3,000 parents' experiences with school system responses during the pandemic
3,000 parents' experiences with school system responses during the pandemic
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Notes from the Evidence Project


The latest publication from REACH explores the perspectives of over 3,000 parents across Colorado, Florida, Louisiana, Michigan, and Oregon. Study participants were surveyed about their experience with school system responses during spring 2021 and how the pandemic impacted their attitudes and preferences about school choice. Key findings: 
  • On average, parents were generally satisfied with their schools’ quality of education during the pandemic. Parents with children in private schools, parents with higher incomes, parents with children learning in person, and those residing in Florida expressed higher levels of satisfaction.
  • Parents reported on actions their schools took to address racism, bias, equity, or inclusion after the George Floyd protests, including sending a letter home (60 percent), offering resources for discussing these issues with their children (58 percent), and creating curriculum to teach students about racism (57 percent).
  • The majority of parents reported planning to keep their children enrolled in the same school, but parents of children learning remotely were more likely to consider new school options for next year.
  • Safety protocols, social-emotional learning, and a caring environment were the top ranked attributes that influenced parents’ enrollment decisions since the pandemic began.
This data adds new perspectives from one of the groups most impacted by politicized debates on how schools should respond to the current public health crises, as well as ongoing social issues.


Only 23 percent of teachers plan to revert to using the same teaching methods as they did before the pandemic, according to a recent YouGov poll.
Forty-three percent of parents reported having to quarantine their child because of COVID-19;  parents who are Hispanic, have lower incomes, or are living in a small town/rural area were more likely to quarantine more than once.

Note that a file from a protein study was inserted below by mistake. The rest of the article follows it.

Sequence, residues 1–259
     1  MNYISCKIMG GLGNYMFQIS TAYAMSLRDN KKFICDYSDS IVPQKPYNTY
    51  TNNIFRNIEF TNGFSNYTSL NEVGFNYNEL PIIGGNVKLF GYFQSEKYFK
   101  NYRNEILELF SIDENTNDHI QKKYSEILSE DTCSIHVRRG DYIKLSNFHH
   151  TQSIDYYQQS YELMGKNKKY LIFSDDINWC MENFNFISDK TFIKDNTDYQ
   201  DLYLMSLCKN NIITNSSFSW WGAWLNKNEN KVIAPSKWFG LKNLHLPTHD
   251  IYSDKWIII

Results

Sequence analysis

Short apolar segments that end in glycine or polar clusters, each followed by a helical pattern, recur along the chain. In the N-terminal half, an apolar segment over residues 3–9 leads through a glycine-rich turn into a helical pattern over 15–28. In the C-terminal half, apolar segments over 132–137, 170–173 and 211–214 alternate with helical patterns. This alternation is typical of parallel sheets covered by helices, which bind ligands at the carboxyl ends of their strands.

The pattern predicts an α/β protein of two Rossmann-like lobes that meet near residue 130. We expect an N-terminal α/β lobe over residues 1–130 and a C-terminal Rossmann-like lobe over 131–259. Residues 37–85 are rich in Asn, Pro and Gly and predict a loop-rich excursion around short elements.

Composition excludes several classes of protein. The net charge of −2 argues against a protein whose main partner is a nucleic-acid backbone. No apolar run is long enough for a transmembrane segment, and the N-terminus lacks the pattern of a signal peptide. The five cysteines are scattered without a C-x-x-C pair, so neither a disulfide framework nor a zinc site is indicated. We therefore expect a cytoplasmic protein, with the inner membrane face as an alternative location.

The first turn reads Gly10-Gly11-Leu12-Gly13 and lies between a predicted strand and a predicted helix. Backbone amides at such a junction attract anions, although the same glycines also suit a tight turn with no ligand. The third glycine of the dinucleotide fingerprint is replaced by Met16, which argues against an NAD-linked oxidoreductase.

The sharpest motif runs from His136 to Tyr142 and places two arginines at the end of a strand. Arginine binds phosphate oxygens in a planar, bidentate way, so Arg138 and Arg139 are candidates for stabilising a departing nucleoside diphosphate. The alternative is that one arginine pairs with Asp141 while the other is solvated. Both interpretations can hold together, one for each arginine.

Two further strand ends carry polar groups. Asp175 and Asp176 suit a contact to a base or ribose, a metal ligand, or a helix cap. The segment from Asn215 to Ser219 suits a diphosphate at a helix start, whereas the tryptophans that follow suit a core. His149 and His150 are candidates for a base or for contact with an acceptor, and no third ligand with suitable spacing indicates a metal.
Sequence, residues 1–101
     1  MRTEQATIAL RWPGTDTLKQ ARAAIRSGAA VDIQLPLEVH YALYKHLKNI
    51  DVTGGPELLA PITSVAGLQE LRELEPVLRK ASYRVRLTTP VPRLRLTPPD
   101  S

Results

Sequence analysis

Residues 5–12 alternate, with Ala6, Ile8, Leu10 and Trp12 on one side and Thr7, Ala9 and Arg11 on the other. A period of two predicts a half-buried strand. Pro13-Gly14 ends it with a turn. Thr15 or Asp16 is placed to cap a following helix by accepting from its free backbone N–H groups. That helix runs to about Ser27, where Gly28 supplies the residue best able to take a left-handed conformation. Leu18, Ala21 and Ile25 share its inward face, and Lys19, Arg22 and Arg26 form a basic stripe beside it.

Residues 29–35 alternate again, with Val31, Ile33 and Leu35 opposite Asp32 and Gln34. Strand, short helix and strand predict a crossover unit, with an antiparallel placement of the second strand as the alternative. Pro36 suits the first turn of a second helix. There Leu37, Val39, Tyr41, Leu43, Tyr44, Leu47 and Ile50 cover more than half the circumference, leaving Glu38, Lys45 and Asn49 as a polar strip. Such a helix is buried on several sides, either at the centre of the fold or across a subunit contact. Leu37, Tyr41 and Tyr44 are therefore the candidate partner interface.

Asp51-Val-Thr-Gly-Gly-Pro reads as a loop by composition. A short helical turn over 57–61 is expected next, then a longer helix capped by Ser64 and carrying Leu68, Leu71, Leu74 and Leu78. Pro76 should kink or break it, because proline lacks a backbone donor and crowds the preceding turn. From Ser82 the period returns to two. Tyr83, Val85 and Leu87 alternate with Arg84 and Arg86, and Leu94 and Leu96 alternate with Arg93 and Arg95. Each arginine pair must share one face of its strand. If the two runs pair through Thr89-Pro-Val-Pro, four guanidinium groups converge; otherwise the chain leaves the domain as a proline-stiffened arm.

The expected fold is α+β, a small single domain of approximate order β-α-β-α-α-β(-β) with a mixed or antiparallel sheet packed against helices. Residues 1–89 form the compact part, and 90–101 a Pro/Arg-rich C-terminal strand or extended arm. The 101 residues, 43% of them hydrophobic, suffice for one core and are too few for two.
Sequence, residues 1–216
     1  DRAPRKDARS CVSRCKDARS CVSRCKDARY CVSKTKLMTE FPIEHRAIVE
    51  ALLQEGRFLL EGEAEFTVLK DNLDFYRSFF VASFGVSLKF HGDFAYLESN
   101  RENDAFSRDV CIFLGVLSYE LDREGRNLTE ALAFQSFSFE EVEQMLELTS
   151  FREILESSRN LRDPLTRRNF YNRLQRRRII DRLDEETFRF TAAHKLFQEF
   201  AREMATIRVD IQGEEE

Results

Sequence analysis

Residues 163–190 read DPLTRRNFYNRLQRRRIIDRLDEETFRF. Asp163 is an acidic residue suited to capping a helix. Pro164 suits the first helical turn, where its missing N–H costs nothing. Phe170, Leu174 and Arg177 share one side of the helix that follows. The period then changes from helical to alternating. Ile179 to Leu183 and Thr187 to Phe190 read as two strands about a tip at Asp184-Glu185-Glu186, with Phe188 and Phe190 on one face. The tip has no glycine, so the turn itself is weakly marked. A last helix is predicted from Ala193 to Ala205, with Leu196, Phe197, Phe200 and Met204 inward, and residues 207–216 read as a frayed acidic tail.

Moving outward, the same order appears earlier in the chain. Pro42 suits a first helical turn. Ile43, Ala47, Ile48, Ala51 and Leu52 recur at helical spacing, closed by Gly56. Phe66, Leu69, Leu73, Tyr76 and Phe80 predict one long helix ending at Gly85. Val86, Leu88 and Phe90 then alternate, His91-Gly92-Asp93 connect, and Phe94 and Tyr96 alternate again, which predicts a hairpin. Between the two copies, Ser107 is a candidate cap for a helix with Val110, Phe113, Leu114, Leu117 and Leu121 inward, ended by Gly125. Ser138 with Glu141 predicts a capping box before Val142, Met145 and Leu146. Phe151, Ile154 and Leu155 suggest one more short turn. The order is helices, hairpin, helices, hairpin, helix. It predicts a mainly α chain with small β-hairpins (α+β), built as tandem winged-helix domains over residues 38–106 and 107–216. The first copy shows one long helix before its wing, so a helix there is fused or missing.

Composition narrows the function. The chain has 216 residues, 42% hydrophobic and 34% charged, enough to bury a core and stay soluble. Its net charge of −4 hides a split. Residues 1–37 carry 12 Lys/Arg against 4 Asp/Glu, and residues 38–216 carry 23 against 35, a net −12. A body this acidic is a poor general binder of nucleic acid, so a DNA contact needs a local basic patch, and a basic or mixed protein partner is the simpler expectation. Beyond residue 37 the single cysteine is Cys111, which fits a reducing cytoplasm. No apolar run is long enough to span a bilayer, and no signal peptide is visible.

The U.S. Senate held a committee hearing on supporting students, educators, and families during COVID-19. Watch the recording.
The latest update from Burbio’s reopening tracker shows 19 new districts that have experienced school closures.
Transcend has released Roads to Reinvention, an online portal with resources on how schools can reinvent schooling, including a guide for conversations with students, an online tool to survey students, and a reflection tool.
Linda Jacobson reports on pandemic pods that have continued to operate for a second year, exploring their limitations and assessing their future value.
RAND researched four-day school week models that popped up last school year, investigating how they were structured and the overall outcomes from this new learning model.
In his recent podcast episode, Nat Malkus invites Kerry McDonald to discuss how the pandemic has affected homeschooling.
Three ways EdTech can support students’ well-being during the pandemic include using hotlines to provide support, using messaging services to create peer networks, and using online gamification strategies to provide socioemotional support.


PPIC investigated how the Local Control Funding Formula in California affects student achievement and found that the formula distributed resources more equitably, increased test scores and completion rates, and narrowed district-level gaps in test scores.
The U.S. Census Bureau released an analysis of Elementary and Secondary school revenue and spending in 2020: overall, spending rose in 45 states; the majority of increases stemmed from instructional costs and teacher salaries. Read FutureEd’s summary of the analysis.


An examination of teacher licensure and preparation program approval systems in West Virginia describes the policy context behind this system and provides recommendations to move toward teacher workforce goals.
Surveys and interviews with pod instructors last spring revealed that teachers found the pod work environment to be better than their previous work in schools.
A study on student matching—matching students to teachers of the same ethnoracial group—in New York City Schools found negative associations between matching of Black, Latino, and Asian American students to teachers and suspensions.


Only twelve states have provided attendance guidance for students in quarantine and just eight have done so for determining when to close schools, according to CRPE’s recent analysis of state policies related to COVID-19.
A new report from Bellwether Education Partners explores relationships between rental housing access, per-pupil funding, and school district boundaries across the largest metropolitan areas,  and found that inequity gaps in the U.S. averaged $6,355 in per-pupil district funding.


UNESCO describes the gendered impacts of COVID-19 school closures: girls faced greater restrictions to digital accessibility and tended to take on more domestic responsibilities, while boys were more likely to help their family outside the home.
Over 140,000 children in the U.S. experienced the death of a caregiver; the risk of loss was higher among children of racial and ethnic minorities, compared to non-Hispanic white children.
The national graduation rate in 2019 reached 85.8 percent; while this figure increased from the previous year, the rate of increase slowed compared to previous advancements.


A study of COVID-19 mitigation strategies in youth summer camps found that high vaccine rates among eligible youth and having multiple COVID-19 prevention strategies in place helped avert outbreaks in congregate settings.
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